When deals present themselves in a competitive, fast-paced environment, it puts time pressure on closing the deal that can sometimes reduce the time to talk about certain things and to actually get to know each other.
One of the most important things to discuss is the organisational culture and the values that you will abide by.
Olga Blasco has been involved in many post-merger integrations and sees three potential scenarios for how companies align their values after the deal is done.
“One scenario is that the combined entity, after the transaction is completed, takes the culture of the buyer,” Olga says.
“This may be seen as imposing or steamrolling or one-sided, whatever you want to call it. And maybe it can create attrition, but it is the prerogative of the buyer to make this choice at the end of the day.
“The second option is that all cultures are allowed and they remain independent from one another.
“This could be valid for those entities that are kind of rolled up under an umbrella and basically it’s seen like different brands with different cultures and it creates a very rich environment, and diversity is seen like a plus, rather than a minus.
“The third scenario would be when a new culture is formed, taking from the buyer and from the seller.”
This third option is often considered the best-case scenario, when the two parties are aligned.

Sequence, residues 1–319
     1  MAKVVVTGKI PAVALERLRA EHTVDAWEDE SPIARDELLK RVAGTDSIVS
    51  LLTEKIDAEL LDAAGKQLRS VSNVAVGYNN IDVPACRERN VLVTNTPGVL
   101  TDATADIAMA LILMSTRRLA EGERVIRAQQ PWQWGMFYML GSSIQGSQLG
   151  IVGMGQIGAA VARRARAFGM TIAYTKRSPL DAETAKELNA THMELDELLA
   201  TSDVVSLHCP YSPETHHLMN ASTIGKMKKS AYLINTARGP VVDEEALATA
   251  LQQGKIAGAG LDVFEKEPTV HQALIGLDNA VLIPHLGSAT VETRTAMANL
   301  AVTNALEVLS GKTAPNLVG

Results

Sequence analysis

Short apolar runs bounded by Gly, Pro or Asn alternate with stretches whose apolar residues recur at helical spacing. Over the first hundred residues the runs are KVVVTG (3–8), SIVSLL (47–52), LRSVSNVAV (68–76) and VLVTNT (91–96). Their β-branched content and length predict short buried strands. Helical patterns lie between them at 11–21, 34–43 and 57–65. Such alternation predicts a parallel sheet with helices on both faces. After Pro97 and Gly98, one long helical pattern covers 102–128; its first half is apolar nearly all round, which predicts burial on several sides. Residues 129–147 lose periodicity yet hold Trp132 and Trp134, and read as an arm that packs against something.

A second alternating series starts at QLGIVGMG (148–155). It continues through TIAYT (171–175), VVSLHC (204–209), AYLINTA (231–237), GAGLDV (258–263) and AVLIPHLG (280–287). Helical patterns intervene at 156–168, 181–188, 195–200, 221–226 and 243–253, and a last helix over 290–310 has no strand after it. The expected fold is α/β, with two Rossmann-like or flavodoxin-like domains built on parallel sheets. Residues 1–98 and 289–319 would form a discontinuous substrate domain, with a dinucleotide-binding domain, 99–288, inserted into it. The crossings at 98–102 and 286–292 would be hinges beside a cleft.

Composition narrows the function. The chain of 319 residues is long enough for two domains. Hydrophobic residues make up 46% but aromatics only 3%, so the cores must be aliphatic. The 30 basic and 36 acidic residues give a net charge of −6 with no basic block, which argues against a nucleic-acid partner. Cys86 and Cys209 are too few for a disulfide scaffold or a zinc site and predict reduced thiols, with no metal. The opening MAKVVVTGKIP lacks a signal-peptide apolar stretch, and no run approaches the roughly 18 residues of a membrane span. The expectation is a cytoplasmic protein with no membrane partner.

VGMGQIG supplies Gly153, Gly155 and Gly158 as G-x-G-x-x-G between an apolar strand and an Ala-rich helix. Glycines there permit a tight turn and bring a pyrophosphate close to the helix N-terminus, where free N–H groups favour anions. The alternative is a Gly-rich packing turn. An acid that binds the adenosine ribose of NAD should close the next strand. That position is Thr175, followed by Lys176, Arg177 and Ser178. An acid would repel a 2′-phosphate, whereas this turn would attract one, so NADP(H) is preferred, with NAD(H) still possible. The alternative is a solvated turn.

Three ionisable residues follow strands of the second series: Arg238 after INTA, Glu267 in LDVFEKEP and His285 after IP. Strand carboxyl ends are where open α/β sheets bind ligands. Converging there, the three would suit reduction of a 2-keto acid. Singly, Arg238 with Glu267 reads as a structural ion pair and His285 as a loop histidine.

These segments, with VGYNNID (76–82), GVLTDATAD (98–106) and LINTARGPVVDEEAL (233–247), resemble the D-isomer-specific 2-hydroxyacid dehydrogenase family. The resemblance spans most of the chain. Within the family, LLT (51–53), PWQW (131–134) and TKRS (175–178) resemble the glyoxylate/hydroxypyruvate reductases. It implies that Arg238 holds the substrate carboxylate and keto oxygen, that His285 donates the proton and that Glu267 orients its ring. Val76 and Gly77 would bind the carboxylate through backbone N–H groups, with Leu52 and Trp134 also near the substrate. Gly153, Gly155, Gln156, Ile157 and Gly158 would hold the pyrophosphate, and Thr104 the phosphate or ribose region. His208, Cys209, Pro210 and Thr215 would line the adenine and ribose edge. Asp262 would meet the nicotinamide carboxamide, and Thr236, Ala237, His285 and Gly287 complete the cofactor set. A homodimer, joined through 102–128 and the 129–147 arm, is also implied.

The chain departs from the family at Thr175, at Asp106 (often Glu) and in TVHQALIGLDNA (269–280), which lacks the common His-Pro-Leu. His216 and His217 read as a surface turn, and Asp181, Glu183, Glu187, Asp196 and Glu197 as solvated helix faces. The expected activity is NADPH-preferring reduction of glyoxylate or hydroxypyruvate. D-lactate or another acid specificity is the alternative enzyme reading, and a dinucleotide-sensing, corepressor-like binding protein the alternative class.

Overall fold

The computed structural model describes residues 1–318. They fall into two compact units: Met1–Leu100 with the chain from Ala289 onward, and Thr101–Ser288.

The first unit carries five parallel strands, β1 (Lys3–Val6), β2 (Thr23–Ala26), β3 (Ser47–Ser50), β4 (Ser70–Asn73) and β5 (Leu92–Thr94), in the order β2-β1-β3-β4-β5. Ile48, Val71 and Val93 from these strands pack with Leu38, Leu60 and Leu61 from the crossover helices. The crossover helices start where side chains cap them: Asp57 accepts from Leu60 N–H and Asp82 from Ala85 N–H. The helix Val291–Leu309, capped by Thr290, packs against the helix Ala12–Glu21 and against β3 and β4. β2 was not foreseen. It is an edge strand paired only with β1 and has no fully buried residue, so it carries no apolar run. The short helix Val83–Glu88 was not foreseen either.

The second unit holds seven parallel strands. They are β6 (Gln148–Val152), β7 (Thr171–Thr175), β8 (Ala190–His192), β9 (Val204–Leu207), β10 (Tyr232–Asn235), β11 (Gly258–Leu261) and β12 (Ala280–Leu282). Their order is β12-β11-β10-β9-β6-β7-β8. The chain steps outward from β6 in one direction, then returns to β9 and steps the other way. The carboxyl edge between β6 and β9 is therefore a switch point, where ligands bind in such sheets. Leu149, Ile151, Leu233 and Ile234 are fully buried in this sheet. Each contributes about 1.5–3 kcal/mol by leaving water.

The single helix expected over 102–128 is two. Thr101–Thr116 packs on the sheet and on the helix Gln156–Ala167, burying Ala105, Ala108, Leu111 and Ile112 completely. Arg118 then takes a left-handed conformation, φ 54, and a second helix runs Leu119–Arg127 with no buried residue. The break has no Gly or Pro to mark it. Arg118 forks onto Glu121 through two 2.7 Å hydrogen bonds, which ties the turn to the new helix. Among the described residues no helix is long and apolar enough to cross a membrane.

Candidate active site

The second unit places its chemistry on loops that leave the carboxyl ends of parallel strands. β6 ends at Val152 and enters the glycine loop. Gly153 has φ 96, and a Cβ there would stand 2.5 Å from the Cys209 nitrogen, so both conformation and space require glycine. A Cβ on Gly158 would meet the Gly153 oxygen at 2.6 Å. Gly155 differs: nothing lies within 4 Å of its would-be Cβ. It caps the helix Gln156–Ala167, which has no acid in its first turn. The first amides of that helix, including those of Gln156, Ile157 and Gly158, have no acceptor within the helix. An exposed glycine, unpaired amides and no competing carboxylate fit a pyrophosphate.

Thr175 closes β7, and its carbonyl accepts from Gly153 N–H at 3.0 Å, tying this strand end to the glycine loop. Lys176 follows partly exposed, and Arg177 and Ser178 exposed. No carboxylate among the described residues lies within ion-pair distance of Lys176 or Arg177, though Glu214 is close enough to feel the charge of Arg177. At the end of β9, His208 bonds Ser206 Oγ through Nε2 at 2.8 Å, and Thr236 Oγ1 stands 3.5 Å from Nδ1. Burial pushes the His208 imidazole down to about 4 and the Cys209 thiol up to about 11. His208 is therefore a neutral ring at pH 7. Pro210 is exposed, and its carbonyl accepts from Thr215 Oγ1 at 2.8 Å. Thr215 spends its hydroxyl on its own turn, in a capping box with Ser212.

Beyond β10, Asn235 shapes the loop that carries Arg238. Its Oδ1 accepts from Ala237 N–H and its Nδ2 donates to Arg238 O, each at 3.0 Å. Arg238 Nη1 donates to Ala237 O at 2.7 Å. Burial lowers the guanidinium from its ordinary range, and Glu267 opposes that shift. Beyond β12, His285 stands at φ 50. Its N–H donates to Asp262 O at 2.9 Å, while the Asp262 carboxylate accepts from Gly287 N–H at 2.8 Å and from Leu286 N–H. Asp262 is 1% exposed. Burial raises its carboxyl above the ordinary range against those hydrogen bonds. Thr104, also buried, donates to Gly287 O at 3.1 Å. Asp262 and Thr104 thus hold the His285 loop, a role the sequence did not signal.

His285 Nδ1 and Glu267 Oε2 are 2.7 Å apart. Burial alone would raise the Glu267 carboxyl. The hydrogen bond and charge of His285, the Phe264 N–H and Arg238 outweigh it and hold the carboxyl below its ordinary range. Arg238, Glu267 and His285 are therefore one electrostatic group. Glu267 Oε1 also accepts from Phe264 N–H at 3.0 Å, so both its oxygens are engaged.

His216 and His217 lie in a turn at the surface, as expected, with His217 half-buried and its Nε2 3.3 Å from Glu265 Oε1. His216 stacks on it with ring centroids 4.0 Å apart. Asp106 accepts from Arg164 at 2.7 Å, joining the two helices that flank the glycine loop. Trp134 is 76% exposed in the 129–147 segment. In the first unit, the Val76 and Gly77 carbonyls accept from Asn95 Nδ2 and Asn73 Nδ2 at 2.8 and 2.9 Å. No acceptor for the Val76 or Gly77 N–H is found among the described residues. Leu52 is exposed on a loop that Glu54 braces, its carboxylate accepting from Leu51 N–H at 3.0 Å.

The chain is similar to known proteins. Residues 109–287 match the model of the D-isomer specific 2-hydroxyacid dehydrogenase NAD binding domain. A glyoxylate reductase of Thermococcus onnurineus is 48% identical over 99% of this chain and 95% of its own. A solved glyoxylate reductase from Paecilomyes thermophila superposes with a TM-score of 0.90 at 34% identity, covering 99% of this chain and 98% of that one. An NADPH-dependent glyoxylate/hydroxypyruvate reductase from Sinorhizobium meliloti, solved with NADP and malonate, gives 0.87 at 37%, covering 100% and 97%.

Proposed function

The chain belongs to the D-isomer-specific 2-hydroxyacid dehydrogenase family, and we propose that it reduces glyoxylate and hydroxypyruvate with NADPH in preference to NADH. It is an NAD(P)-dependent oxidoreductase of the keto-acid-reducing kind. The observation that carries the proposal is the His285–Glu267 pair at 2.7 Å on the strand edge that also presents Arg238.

But this may not be the case from the outset and there may be some arm wrestling involved along the way to achieve that alignment, so there needs to be a comprehensive integration plan.
“Before a plan is formed, there are two pillars, and one of them is deciding if you need outside help,” Olga says.
“Because if you place all of this on the shoulders of the management team, sometimes it can be too much. Together with business as usual, it can be distracting.
“Sometimes you benefit from somebody coming in that is professional, specialised and knows how to do it. And it’s also keeping an impartial stance.
“So determining whether you need that help and how are you going to engage that party is one of these pillars.
“The second one is communication. Both parties need to communicate and manage what’s going to happen very well along the way.
“And communicate to clients, communicate to employees, communicate to vendors, communicate to all the stakeholders, because if there’s any confusion, any bit that remains unclear, it will generate debate. “It will generate discussions, uncertainty through the ranks, and you certainly don’t want that.”
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